The Kansas City sound moved at a loping gait–a 4/4 beat rather than the 2/4 time that had characterized jazz recordings up to then.  Kansas City bands often played according to so-called “head arrangements,” communal affairs composed and arranged collectively, changing every night on the fly, rather than sight-reading composed music.  (Basie’s band began to go downhill musically once it was financially successful enough to purchase the services of outside arrangers.)  Finally, Kansas City jazz was a counterpoint of “riffs,” with one section playing a repetitive, rhythmic line behind a vocalist to add energy, or two sections–sax vs. trumpets–alternating and competing with each other, driving the music without exhausting it.


Jay McShann, leader of the first band in which Charlie Parker played

Could Kansas City jazz have evolved without vice and corruption?  Perhaps, although it was a wide-open laissez-faire attitude towards man’s ineradicable taste for forbidden pleasures that brought it to a boil.  Where moral strictures are tight, art tends to wither.  You won’t find any jazz of consequence in Utah, for example, even though that’s the name of their pro basketball team.

I’ll bet it’s a great place to shop for cuckoo clocks.

This article appeared previously, in slightly different form, in Brilliant Corners

Deep Space Telescope Locates Seventh Pointer Sister

DELAWARE, Ohio. Scientists at Ohio Wesleyan University, home of “The Big Ear” radio telescope, reported today that they have detected signals from a distant galaxy confirming the existence of a seventh Pointer Sister, a phenomenon predicted by Einstein’s General Theory of Relativity that had stumped stargazers for nearly a century.


The Big Ear radio telescope

“We were channel-surfing when we stopped at VH1,” said astrophysicist Emile Nugent, referring to a cable television network that airs biographies of stars that have faded into obscurity. “In the penumbras of emanations in a grainy rock video from the 1980s we detected a seventh sister ‘Tonya,’ who had eluded all prior attempts to capture her on Tivo.”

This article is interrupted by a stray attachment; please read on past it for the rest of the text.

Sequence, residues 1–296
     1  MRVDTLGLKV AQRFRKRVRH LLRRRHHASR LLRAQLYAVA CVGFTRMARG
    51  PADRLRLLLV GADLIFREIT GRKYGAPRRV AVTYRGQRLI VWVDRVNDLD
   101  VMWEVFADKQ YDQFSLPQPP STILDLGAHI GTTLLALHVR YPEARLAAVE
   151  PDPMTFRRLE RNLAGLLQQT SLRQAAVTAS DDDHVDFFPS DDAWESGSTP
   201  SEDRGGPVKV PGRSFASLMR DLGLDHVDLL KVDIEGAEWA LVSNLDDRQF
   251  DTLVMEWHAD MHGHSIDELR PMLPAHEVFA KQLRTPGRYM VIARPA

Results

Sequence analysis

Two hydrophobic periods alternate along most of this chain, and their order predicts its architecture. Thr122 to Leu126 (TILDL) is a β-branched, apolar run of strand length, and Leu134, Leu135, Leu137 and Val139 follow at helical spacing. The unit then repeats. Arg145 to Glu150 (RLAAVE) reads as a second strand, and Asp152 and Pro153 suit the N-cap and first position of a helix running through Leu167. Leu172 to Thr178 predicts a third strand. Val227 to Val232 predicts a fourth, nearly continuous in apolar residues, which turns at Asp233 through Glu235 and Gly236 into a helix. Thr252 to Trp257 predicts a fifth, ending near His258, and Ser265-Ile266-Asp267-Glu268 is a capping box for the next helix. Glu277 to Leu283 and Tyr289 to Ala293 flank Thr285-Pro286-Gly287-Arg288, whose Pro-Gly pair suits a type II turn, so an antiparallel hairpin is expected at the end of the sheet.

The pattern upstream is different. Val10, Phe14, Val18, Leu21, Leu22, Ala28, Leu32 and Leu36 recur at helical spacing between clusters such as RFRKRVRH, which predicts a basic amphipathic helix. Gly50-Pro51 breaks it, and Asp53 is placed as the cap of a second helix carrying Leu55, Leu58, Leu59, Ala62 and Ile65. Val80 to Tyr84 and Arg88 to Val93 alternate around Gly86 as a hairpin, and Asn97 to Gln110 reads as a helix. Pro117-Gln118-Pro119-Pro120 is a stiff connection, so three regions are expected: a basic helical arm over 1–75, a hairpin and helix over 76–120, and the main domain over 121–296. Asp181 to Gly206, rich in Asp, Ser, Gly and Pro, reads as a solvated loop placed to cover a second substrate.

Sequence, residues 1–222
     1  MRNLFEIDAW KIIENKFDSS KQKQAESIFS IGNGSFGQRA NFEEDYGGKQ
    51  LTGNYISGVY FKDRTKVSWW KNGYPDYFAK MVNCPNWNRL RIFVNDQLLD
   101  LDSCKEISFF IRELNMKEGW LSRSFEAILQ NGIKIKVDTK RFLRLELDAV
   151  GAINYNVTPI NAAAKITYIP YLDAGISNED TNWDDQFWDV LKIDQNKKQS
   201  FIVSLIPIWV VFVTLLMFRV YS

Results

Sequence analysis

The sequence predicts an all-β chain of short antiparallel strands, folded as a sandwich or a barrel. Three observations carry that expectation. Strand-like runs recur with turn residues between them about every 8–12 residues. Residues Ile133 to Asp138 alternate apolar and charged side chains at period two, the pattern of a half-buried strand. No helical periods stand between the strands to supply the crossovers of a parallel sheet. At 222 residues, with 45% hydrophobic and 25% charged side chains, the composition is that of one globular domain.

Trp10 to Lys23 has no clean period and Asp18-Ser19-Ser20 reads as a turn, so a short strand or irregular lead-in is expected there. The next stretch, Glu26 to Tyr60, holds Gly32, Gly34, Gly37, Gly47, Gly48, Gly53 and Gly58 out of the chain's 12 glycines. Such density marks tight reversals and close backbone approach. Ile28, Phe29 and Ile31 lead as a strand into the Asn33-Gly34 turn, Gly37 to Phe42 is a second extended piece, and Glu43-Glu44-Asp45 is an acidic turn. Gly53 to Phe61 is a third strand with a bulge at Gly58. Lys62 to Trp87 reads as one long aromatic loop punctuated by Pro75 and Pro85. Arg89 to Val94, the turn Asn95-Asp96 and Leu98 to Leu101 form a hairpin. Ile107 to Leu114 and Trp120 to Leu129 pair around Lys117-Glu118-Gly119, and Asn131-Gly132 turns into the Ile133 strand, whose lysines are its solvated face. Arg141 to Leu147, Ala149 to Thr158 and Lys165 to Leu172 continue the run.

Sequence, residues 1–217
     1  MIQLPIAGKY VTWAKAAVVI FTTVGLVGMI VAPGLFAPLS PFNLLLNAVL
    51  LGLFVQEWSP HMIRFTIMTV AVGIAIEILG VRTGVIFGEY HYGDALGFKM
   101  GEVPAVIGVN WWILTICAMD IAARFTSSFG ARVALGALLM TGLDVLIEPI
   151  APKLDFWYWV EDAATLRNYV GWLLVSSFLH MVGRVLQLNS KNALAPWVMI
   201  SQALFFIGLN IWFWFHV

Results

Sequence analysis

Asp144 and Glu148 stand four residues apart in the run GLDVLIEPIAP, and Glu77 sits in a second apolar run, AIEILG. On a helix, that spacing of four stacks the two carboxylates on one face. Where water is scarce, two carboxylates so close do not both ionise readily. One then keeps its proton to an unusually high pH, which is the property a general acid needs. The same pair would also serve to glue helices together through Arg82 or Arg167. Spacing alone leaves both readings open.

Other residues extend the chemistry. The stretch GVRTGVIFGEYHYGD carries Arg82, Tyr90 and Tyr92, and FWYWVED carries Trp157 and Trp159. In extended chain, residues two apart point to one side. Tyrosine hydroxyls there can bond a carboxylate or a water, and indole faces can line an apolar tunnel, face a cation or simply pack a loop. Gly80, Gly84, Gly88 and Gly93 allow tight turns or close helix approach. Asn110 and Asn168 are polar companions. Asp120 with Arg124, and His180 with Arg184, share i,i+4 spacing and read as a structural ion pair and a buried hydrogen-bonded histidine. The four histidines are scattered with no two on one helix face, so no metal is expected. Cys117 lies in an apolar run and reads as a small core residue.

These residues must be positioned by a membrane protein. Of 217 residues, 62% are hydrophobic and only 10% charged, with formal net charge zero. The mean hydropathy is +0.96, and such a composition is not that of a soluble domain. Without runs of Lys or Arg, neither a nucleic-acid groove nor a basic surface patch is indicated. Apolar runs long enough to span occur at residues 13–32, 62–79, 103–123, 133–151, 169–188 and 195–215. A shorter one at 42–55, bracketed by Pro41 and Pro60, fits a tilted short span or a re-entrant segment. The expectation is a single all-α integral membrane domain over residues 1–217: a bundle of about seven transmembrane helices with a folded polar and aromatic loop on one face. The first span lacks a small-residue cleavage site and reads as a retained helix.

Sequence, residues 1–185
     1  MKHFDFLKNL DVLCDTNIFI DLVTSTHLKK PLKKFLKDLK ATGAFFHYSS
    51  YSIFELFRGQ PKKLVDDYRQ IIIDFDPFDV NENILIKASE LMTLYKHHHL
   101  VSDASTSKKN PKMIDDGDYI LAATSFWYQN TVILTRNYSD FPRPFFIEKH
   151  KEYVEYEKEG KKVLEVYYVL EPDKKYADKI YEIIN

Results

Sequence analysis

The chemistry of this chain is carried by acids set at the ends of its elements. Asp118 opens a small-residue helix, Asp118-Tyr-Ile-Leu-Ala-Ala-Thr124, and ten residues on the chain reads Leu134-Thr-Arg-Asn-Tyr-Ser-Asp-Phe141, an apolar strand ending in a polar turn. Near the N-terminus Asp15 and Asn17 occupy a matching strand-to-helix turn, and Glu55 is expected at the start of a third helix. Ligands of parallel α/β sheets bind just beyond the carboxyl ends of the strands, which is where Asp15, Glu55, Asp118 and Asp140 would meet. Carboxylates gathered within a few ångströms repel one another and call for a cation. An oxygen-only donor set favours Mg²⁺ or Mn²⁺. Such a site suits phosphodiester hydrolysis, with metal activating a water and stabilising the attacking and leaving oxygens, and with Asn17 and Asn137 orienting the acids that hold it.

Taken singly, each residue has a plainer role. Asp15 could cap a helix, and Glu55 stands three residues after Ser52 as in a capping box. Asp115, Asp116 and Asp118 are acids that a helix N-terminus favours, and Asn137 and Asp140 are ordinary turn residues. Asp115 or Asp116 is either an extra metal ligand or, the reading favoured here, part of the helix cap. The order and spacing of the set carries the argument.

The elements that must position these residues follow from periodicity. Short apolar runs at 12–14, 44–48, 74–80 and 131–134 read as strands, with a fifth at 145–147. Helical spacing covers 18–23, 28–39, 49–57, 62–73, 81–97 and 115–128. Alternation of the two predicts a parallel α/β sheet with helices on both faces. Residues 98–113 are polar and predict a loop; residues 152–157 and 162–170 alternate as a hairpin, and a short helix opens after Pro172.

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“He’s so shy . . .”

 

The Pointer Sisters are an all-female rhythm ‘n blues singing group from Oakland, California where, according to American expatriate writer Gertrude Stein, “there is no there there.”  Over the course of their 46-year career the group has been comprised of six different women, not all of whom are sisters, and the existence of a seventh sister remained largely–and smally–a matter of conjecture.  “There was never any doubt about June, Bonnie, Ruth and Anita,” said Norbert Carver, a Professor of Pointerology at Fordham University of the four original Pointers.  “When Issa and Sadako Pointer became visible to the naked eye in 2006 and 2009, respectively,  the possibility of an additional sister that would make the group a seven-member constellation comparable to the Pleiades seized the minds of scientists at major observatories and shook them like a labrador puppy with a chew toy.”


The Pleiades, appearing at The Sands, in Las Vegas.

 

Einstein predicted the success of the group in his 1905 paper On a Heuristic Viewpoint Concerning the Production and Transformation of “Lite” R&B published in Tiger Beat magazine.  His work was vindicated when two of the sisters, June and Bonnie, bent streams of light on the TV dance show “Soul Train.”
Image result for brothers johnson singers
.

 

The discovery is predicted to be a boon for cable music channels in the THX 1138 spiral galaxy, where the seventh sister orbits in tandem with a member of The Brothers Johnson, another sibling R&B group from the 80s. “We make most of our money on infomercials and religious programming,” said station manager Glorp “Buddy” X21173. “It’s nice to have something besides the Ab Blaster to watch on the monitors.”